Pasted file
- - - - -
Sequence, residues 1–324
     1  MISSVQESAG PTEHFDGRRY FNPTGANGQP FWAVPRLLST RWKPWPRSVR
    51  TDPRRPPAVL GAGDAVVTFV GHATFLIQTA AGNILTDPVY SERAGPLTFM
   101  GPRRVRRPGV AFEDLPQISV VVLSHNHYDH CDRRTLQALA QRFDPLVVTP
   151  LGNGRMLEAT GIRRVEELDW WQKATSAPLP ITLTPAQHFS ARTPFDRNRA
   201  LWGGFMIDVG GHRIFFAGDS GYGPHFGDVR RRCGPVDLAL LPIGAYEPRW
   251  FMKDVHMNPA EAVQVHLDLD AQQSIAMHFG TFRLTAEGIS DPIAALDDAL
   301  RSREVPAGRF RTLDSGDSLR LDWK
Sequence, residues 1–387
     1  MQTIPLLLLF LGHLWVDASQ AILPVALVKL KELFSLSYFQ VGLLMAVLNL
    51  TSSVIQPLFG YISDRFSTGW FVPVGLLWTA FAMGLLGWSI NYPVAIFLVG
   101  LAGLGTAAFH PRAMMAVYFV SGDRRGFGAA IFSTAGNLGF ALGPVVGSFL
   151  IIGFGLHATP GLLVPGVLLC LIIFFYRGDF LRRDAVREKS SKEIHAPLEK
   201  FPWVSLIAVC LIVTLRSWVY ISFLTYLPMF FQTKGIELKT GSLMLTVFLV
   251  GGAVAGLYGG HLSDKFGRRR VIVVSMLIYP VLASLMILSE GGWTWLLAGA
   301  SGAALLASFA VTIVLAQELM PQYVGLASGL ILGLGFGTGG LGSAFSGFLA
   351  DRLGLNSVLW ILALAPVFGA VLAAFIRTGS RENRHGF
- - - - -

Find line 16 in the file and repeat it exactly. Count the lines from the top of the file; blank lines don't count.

   301  SGAALLASFA VTIVLAQELM PQYVGLASGL ILGLGFGTGG LGSAFSGFLA